Arts enthusiasts from across the region will make their way to the 42nd annual Bumbershoot Festival in Seattle for three days of music, food and entertainment this weekend. One of the largest (and oldest) urban arts festival in North America, this year’s musical lineup features headliners from a variety of genres – including pop classic Tony Bennett, rock ’n’ roll veterans Jane’s Addiction and electronic music producer Skrillex.
For those not interested in braving crowds at the main stage at KeyArena, the fest features a crop of up-and-coming Northwest acts. Here’s the scoop on five acts you don’t want to miss:
For Bellingham-based act Polecat, getting people to dance is just part of the job.
Formed in March 2010, the bluegrass/Americana five-piece has been making a name for itself throughout the Northwest for its expressive roots tracks and explosive live shows.
Consisting of Aaron Guest (vocals, 12 string acoustic), Jeremy Elliott (electric guitar and vocals), Karl Olson (drums), Cayley Schmid (fiddle), and Richard Reeves (upright bass), Polecat got its start playing weekly gigs at Boundary Bay Brewing & Bistro in Bellingham before the group even established itself as a band – or had a name.
“I just went in (to the restaurant) and said I’m gonna have a band, and I think it’s gonna be fun,” Guest said.
Five months and several gigs later, the weekly show had become one of the most sought after parties in town. The band has since recorded a self-titled EP, a full-length album called “Fire On The Hill,” and played more than 200 shows in the past two years. The group, represented by In the Pocket Artists, is scheduled to record its next full-length release at Bear Creek Studio in December.
Rooted in bluegrass tradition, Polecat’s music delves into a variety of moods. Some of it is triumphant and celebrates life, love and spending time with friends, and some of it is dark.
“I think we really respect our audience,” said Schmid, whose mastery of the fiddle and familiarity with traditional Irish music, have become driving forces behind the group’s live show. “We don’t just play the same thing for three whole minutes and expect them to be entertained. We mix it up every 30 seconds.”
This, along with the band’s conscious effort to set itself apart from other acts in the Americana genre, has found the group experimenting with fuller, percussion-driven tracks alongside rhythms of the Eastern European and Caribbean variety.
Known for producing stomp-worthy dance tracks, Polecat’s live show is an experience. It’s sweaty and loud in all the right ways – and it’s sure to get you on your feet.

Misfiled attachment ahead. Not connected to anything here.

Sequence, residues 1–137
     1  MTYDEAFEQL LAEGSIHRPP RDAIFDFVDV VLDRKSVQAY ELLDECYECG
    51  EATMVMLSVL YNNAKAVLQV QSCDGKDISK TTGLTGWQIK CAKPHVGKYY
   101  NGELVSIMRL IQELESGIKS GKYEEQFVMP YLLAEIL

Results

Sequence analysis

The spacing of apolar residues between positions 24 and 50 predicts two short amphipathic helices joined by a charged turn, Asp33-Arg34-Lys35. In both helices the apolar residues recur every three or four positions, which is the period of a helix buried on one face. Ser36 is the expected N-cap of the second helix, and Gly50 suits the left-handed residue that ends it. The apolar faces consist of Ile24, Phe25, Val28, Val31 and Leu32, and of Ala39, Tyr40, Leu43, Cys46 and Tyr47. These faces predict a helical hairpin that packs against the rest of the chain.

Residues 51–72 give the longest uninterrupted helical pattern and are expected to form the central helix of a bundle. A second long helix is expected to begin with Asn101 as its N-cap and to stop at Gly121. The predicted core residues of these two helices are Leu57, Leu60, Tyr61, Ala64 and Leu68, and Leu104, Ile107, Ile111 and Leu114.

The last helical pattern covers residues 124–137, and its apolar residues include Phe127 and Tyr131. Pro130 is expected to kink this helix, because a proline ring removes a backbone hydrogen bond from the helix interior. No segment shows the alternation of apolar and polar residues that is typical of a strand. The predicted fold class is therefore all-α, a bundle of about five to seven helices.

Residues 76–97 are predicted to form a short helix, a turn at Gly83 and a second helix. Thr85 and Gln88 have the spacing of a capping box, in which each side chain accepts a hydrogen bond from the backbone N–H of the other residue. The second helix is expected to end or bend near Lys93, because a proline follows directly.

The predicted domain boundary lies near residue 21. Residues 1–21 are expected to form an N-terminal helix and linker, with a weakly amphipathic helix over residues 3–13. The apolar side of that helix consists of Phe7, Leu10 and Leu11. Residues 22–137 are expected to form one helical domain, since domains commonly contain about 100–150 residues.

Having recently played sets at the Subdued Stringband Jamboree and Summer Meltdown festivals to rave reviews, the group’s debut slot at Bumbershoot is sure to be another stomping good time.
“We would like for people to leave the show saying, ‘They belong at Bumbershoot. They belong at a festival with crowds this big – and that’s what they should be doing,’ ” Elliott said.
-Keegan Prosser 08/31/12
The BulletinVisit the article HERE
If you visit Polecat’s website, www.polecatbluegrass.com, and scroll down a bit you’ll see a photo of Cayley Schmid, the band’s fiddler, posing with three What’s Up awards.
What’s Up awards, for those wondering, are given to bands and musicians in the Bellingham, Wash., music scene by Bellingham’s own What’s Up magazine, which covers said scene.
One of the What’s Up awards Polecat took home was “Best Silver Platter” for its 2011 album “Fire on the Hill.”
The second What’s Up award the band won is probably the most instructive: “Best Highway Americana.” That’s because this relatively young quintet makes music with momentum. The tracks you can hear at the website have a worldly perspective and a wandering spirit, as if they were written specifically for windshield-gazing.
Polecat’s music is rooted in bluegrass, without question, but like many stringbending bands in this half of the United States, they stretch that genre’s boundaries by incorporating easygoing rock, grey-skied blues, jazzy jams and a hint of reggae and Celtic flavor. Imagine a long, strange trip around either Yonder or Moon mountains, and you have some idea of Polecat’s proclivities.
The band has shared the stage with some big names — Infamous Stringdusters, Hackensaw Boys, Trampled By Turtles among them — but it’s what goes on in front of the stage that keeps Polecat gigging. Scroll down further on the website and you’ll find the band playing in front of a tangled dance floor full of giant grins.
And that brings us back to that photo of Schmid and those three What’s Up awards. The third was called “Best Up Close and Personal,” given to the best live band in Bellingham.
Indeed, it’s on stage where Polecat shines. You can visit their various online homes and listen to “Fire on the Hill” and hear that they have chops. But to get the full picture of this band, hit McMenamins on Wednesday.
83 MusicVisit the article HERE